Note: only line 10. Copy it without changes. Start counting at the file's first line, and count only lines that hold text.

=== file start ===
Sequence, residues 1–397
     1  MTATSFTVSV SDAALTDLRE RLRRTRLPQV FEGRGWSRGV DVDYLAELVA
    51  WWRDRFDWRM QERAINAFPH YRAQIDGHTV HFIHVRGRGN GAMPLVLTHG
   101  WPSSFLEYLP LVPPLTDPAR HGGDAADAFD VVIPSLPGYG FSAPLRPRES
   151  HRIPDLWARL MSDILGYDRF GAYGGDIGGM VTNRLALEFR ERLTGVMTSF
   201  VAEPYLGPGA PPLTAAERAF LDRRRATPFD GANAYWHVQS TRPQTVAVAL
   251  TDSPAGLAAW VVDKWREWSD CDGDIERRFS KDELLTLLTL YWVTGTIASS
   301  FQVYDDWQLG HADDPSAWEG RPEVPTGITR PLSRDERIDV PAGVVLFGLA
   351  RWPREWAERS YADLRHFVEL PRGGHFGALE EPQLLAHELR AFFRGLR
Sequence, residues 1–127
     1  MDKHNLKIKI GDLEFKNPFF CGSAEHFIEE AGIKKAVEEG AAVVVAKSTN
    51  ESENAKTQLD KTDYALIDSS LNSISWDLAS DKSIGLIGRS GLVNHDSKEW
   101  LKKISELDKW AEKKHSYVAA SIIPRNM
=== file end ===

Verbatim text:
Sequence, residues 1–127